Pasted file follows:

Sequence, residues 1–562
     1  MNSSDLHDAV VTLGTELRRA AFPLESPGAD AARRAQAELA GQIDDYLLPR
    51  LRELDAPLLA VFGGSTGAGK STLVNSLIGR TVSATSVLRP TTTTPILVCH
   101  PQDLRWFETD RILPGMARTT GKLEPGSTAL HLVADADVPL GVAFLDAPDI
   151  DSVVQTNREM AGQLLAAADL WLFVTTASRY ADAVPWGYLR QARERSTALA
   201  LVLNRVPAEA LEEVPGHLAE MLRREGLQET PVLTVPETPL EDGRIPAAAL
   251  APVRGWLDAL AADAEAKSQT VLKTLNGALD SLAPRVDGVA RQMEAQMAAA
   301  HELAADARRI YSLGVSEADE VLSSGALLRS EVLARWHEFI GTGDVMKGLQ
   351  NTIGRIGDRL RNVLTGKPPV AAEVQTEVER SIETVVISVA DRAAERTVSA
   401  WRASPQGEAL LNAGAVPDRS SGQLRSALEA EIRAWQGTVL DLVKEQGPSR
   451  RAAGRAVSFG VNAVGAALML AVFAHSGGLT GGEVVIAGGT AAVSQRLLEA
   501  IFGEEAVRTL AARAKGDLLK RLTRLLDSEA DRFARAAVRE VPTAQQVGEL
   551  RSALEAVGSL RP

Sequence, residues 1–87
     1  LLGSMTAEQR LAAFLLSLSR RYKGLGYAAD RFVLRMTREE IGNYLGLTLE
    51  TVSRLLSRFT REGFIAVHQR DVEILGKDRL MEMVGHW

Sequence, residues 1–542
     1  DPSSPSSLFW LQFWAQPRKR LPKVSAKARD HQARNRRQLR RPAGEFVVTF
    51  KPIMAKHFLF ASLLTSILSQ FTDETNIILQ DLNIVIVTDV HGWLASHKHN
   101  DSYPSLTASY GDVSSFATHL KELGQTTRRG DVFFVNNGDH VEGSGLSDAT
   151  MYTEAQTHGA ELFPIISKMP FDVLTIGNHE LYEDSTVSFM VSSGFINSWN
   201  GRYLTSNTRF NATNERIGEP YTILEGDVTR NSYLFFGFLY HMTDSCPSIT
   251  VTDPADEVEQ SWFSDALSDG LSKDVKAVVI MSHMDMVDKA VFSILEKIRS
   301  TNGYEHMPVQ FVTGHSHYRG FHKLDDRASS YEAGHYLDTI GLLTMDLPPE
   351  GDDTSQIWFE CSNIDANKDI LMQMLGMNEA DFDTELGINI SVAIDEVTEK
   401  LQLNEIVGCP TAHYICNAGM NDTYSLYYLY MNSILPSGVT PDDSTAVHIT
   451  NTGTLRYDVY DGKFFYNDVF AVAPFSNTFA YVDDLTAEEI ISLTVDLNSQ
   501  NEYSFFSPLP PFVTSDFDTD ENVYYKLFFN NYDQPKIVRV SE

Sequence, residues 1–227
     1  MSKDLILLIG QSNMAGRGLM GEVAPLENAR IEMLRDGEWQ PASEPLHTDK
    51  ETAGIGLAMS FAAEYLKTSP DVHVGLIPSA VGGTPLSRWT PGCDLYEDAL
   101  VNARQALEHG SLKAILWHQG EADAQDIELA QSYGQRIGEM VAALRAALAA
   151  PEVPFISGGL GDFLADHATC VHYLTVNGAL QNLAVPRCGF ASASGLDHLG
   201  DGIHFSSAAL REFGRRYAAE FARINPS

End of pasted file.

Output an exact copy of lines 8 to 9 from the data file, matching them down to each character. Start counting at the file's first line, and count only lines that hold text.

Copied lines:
   301  HELAADARRI YSLGVSEADE VLSSGALLRS EVLARWHEFI GTGDVMKGLQ
   351  NTIGRIGDRL RNVLTGKPPV AAEVQTEVER SIETVVISVA DRAAERTVSA